I would also mention (and then I'll step off the soapbox) that foodbanks receive most of their donations at Christmas but come January and February the shelves are nearly empty. Donating food now is important but many of those children will still be hungry 2 months from now.

Sorry about the lecture, this is definitely one of those topics I feel strongly about.

At 11:18 AM, Blogger smiley135 said...

great post! its terrible that there are so many children starving especially when it is so easy to help. i was never starving while growing up but, when my parents divorced we were living off of spaghettios & mac n' cheese because we couldn't afford much else. my mom actually had to send me to live with my grandma & grandpa for that reason.

At 11:24 AM, Blogger VanessaS said...

I grew up with plenty of food, too much at times. I have a son who is growing up with plenty of food, too much at times. The first Sunday of the month at our church is Food Drive Sunday where we help restock our area food pantry. Thanks for the wonderful post to help put some perspective back in my life.

At 11:27 AM, Blogger Unknown said...

Thanks for the link to Brooke's post. That was really moving. It brought back some hard memories. We never went hungry (my mom could whip up anything) but there were days where there were very slim pickings. Now that I have a child, childhood hunger is the issue that breaks instant tears to my eyes. It's so frustrating- It doesn't have to be that way.

At 11:40 AM, Blogger Gabrielle Hoffman said...

I recently hosted a bake sale for Share our Strength and Cookies for Cancer in my city. It was a huge success! We had lots of regular, gluten-free, and vegan goodies and people were so excited to see alternative baking at a bake sale. Many people generously donated to these organizations and were moved by our efforts. Share our Strength is such a wonderful organization, I think many people do not realize how many hungry children there are in our own country. I also recommend checking out Cookies for Cancer - they are an organization that donates money to pediatric cancer research.

At 11:42 AM, Blogger Unknown said...

well, we were never without food, but I do remember a time when there was so much talk of money and doing without. I remember not eating when I was hungry because I was afraid that if I ate too much we would lose our house. The past couple years we've made a lot of donations to Pine Ridge Reservation - mostly clothes, but we also give to the home heating oil program. In addition to being hungry, folks on the reservations have to choose between food and heating their homes in the winter. Some times they are too hungry and choose heat - and freeze to death.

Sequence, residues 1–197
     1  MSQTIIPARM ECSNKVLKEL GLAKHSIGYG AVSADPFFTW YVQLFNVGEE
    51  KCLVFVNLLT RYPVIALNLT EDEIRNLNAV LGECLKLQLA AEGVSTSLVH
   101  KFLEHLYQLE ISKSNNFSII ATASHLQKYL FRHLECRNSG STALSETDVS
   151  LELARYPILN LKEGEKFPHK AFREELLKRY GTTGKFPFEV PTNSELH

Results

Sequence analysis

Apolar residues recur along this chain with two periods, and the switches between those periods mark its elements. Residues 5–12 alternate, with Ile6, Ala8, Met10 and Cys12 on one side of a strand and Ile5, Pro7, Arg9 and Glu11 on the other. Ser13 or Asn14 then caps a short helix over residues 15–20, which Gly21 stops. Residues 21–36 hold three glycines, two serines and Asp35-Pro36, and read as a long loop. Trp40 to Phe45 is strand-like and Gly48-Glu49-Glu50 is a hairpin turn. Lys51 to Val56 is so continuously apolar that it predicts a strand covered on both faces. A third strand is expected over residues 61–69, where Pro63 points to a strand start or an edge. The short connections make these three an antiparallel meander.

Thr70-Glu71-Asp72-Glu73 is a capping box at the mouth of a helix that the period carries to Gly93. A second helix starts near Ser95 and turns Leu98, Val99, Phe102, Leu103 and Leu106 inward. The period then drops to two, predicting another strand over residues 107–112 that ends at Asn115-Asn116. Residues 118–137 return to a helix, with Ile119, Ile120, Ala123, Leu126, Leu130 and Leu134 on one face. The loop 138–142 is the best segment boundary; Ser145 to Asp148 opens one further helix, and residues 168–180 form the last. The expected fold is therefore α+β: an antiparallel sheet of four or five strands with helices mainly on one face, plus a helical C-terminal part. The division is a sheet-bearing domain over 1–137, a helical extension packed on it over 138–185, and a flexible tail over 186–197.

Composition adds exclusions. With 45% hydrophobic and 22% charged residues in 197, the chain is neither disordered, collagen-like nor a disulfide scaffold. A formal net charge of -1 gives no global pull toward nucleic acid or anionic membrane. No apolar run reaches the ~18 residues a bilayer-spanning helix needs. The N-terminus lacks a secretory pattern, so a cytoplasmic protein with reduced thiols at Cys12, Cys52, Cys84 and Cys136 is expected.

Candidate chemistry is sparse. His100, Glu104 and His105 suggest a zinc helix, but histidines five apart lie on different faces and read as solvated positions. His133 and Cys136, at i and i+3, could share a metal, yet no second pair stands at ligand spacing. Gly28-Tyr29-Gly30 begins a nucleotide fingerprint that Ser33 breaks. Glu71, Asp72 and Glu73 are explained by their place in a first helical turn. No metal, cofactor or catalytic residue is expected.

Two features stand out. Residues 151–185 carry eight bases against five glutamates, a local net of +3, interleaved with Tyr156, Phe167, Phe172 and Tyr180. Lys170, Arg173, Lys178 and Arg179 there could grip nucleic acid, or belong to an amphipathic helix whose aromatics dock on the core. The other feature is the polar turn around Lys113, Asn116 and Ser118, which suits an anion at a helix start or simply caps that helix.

I just found your website as I explore a gluten free lifestyle (for sinuses, not celiacs). thank you.

At 12:19 PM, Blogger Mouse said...

Something I loved my old school for: there were bagels available for breakfast every morning. Most students didn't need them, but they were there so that students on scholarship, who may also have been hungry children, could have breakfast without having any special attention drawn to them.

At 12:23 PM, Blogger Jess said...

I remember a point in my childhood, I was probably about 7 or 8, when we didn't have enough to eat and my mom served Cheerios with water instead of milk. I look back am grateful for those water soaked Cheerios. At least we had those to eat.

At 12:24 PM, Blogger Kate said...

It is a political issue.

Kids are hungry because their parents don't have jobs because they were laid off. Or because they are a ward of the state and the foster home they live at doesn't give them enough to eat because that system isn't properly regulated. Or maybe they have undiagnosed allergies because health care is not afforable and they don't eat because they are scared to get sick.

Kids of illegal immigrants.
Kids raising themselves and their siblings because of incarcerated moms and dads (50% of which are black even though only about 14% of the american population is black).
Kids of sex workers.
Kids of people on welfare.

Hunger comes from inequality, and inequality is always political.
Help in any way you can, of course, but we shouldn't pretend that hunger is an unexplainable part of our world.

At 12:24 PM, Blogger dflat said...

I didn't grow up hungry, but now that I am in my 20's and still pursuing higher education I find myself in that boat. Since I've been diagnosed I've found it a lot harder to eat well because healthy eating is so expensive, and most of the cheap unhealthy foods have gluten. Baking is also a luxury it seems..Alas, I can only dream of making these one day (or hope that one of my better off friends will surprise me with them!)

At 12:34 PM, Blogger Lisa said...

I was raised by a single mom. There were times we needed some help. We used food stamps. I didn't go to bed hungry, but I know things were stretched thin a lot of the time. As a child I thought "breakfast dinner" (usually eggs with toast and milk or a dutch baby with eggs, a little flour, milk and butter) was a treat. I now know that sometimes it was the only way my mom could put food on the table in the least expensive way. And while I know it was tough for her, she is part of the reason I am now creative in the kitchen. Thanks Shauna for a great post.

At 12:45 PM, Blogger Amy said...

Yummm! Ginger and Lemon is only my favorite flavor combo EVER!!

I've seen firsthand what an organization like Greyston can do. I took an internship during college at FareStart, a similar organization in Seattle. (Please tell me you've heard of it? If not, a tragedy!) It was beautiful to see homeless & chronically unemployed men & women prepare for careers in the kitchen. There's so much empowerment & encouragement is truly, truly life-altering sometimes.